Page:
Indian and Chinese army commanders are holding talks beginning Wednesday to disengage troops from a key area along their contested border in Ladakh in an attempt to ease a 20-month military standoff.
The two sides reportedly are focusing on withdrawing from Hot Springs, one of several friction points that emerged after Indian and Chinese soldiers fought a violent clash in May 2020.
Since then, both countries have massed tens of thousands of troops, along with artillery and fighter jets, at disputed areas along their approximately 3,400-kilometer-long border.
Indian army officials said the talks will conclude either late Wednesday or Thursday.
Last year, the two sides pulled back troops from a strategic Himalayan lake, Pangong, in the Gogra area, but subsequent talks held in October to discuss disengaging at other places ended in a deadlock, with both sides blaming each other for a lack of progress.
India accuses Chinese troops of having intruded into territory it controls in several areas and wants it to withdraw to positions China held prior to the military standoff. China denies it and wants to maintain the status quo along the border.
Ahead of the talks, both countries described the situation along the border as "stable." But India's army chief, M.M. Naravane, said at an annual press conference Wednesday that de-escalation and withdrawal of troops would depend on the success of the talks the two sides are holding.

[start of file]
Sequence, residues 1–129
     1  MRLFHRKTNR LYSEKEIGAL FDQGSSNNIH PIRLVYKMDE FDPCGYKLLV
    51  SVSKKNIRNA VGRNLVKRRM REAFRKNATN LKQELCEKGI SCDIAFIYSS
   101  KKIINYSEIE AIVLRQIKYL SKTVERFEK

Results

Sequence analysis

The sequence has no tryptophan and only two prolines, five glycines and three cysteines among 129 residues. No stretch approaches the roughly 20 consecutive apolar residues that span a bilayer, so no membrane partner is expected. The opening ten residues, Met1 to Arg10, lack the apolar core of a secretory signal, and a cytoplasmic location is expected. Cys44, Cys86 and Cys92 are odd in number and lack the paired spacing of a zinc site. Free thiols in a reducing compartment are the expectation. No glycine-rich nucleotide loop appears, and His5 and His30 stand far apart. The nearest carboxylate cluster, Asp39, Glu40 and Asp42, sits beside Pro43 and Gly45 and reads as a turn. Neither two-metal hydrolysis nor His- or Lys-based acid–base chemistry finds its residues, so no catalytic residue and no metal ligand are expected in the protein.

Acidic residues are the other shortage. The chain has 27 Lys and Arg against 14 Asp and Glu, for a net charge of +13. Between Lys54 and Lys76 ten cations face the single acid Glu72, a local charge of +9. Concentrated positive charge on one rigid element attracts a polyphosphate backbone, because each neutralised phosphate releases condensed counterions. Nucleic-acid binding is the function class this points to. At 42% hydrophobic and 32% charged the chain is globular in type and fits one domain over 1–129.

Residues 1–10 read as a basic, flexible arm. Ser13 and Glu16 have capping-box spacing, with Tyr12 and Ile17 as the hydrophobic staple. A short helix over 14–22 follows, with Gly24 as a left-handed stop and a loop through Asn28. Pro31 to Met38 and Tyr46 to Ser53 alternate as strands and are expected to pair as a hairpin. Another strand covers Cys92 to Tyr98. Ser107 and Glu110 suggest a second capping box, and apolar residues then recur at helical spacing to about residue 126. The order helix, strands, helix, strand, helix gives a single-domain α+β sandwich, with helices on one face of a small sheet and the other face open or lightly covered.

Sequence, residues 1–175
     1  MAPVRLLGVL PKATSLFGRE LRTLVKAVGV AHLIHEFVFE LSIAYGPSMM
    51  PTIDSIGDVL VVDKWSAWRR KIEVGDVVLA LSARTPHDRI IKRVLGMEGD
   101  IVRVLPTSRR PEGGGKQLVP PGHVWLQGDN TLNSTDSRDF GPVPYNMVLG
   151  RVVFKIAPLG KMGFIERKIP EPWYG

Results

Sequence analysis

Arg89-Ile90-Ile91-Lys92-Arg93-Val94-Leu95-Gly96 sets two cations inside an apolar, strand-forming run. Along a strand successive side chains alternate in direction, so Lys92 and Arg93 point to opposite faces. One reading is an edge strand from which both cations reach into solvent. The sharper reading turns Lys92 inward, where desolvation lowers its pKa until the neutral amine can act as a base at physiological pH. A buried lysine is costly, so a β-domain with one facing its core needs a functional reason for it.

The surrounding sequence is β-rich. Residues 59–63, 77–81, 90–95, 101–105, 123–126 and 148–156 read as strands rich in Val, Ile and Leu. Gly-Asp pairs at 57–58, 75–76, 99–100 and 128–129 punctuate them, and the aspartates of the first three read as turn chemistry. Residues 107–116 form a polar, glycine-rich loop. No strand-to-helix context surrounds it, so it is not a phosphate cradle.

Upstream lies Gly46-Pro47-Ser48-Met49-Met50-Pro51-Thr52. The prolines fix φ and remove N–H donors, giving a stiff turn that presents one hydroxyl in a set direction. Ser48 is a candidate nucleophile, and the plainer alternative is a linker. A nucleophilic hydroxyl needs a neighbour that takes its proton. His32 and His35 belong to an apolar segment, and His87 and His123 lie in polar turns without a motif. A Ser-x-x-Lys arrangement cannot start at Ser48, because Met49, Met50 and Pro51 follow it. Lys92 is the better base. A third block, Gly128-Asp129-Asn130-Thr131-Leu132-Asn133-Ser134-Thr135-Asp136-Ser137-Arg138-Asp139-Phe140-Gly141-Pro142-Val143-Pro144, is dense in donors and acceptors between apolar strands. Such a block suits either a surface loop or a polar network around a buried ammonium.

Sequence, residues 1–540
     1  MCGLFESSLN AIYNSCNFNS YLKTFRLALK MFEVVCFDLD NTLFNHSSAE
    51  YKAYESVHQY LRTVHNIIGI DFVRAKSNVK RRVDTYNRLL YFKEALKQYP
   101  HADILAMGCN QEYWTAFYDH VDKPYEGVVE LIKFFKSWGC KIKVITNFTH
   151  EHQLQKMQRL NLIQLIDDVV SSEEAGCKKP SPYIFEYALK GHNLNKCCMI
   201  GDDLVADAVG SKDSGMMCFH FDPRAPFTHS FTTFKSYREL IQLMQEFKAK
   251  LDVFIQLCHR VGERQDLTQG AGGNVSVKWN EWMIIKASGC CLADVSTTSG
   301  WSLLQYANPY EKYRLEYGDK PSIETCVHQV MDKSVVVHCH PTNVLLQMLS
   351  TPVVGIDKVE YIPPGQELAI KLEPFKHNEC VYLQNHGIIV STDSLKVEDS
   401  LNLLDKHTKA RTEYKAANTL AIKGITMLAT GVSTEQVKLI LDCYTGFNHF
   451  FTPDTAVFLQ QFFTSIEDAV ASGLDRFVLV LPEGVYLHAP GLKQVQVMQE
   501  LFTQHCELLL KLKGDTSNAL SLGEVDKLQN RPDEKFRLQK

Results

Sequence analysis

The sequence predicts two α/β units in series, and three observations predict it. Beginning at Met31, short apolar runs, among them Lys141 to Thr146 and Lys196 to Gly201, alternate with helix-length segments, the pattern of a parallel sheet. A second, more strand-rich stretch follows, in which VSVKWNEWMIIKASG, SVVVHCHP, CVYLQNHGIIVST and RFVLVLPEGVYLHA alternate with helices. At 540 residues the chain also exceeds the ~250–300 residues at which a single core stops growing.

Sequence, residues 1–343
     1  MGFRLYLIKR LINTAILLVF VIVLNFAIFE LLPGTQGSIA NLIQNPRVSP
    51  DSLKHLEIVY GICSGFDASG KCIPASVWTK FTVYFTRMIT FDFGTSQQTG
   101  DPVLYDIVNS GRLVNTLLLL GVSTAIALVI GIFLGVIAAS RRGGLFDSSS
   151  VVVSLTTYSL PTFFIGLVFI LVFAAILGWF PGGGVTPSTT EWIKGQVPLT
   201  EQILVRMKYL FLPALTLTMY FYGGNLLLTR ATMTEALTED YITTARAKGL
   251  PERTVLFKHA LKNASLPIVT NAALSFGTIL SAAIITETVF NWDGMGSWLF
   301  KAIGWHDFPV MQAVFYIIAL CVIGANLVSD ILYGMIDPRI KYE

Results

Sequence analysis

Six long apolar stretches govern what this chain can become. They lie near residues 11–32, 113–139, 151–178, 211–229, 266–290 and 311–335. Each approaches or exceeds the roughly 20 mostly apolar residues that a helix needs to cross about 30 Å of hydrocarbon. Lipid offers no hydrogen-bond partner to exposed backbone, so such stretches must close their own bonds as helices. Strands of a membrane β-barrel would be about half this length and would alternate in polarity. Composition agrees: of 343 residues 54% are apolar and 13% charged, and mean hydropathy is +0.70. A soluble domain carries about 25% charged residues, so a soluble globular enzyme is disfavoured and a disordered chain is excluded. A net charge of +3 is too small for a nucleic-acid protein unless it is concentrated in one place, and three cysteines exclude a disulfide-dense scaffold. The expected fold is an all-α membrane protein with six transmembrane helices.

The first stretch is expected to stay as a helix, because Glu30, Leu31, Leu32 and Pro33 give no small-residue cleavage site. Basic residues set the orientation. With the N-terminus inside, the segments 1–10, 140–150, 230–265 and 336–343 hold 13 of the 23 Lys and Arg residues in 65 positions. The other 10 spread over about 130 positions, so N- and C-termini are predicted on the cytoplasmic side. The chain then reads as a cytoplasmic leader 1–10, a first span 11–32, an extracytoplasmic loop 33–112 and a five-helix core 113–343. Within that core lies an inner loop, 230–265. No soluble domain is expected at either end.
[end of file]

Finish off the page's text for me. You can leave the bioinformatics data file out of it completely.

"I am hopeful of further developments in the days ahead. But while there has been partial disengagement, the threat has by no means [been] reduced,' he said.
"If talks prolong, so be it. We are prepared to hold our ground where we are for as long as it takes to achieve our national goals and interest," he told reporters.
On Tuesday, China appeared to put the onus for progress on India. "We hope the Indian side can work with China and strive to switch from emergency response to normalized management and control in the border area as soon as possible," Chinese foreign ministry spokesman Wang Wenbin said. He described the situation along the India-China border as "generally stable."
Ahead of the talks, the U.S. said it is closely monitoring the situation along the India-China border and supports "peaceful resolution of these border disputes."
"We've been pretty clear how we view Beijing's behavior in the region and around the world. We believe it can be destabilizing. And, we're concerned by the [People's Republic of China]'s attempt to intimidate its neighbors," White House Press Secretary Jen Psaki said at a regular press briefing Monday in Washington in response to a question on China's "aggressive behavior" on its border with India.
"We'll continue to stand with our partners on that," Psaki said.
Analysts say the huge trust deficit that has emerged between the two sides means the India-China border will continue to remain heavily militarized even if they achieve progress in disengaging troops from some areas.